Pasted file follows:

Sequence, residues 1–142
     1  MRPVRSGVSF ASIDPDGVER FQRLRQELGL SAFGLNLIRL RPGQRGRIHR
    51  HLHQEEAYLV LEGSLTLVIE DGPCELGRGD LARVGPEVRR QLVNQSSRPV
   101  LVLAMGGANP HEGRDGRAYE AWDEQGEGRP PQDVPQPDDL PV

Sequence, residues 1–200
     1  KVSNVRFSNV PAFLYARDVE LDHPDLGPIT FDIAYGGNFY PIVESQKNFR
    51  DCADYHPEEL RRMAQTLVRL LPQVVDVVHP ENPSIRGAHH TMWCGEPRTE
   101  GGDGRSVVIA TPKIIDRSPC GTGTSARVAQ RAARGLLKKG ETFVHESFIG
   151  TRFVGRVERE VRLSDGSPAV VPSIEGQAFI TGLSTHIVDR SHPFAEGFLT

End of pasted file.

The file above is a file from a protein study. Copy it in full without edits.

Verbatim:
Sequence, residues 1–142
     1  MRPVRSGVSF ASIDPDGVER FQRLRQELGL SAFGLNLIRL RPGQRGRIHR
    51  HLHQEEAYLV LEGSLTLVIE DGPCELGRGD LARVGPEVRR QLVNQSSRPV
   101  LVLAMGGANP HEGRDGRAYE AWDEQGEGRP PQDVPQPDDL PV

Sequence, residues 1–200
     1  KVSNVRFSNV PAFLYARDVE LDHPDLGPIT FDIAYGGNFY PIVESQKNFR
    51  DCADYHPEEL RRMAQTLVRL LPQVVDVVHP ENPSIRGAHH TMWCGEPRTE
   101  GGDGRSVVIA TPKIIDRSPC GTGTSARVAQ RAARGLLKKG ETFVHESFIG
   151  TRFVGRVERE VRLSDGSPAV VPSIEGQAFI TGLSTHIVDR SHPFAEGFLT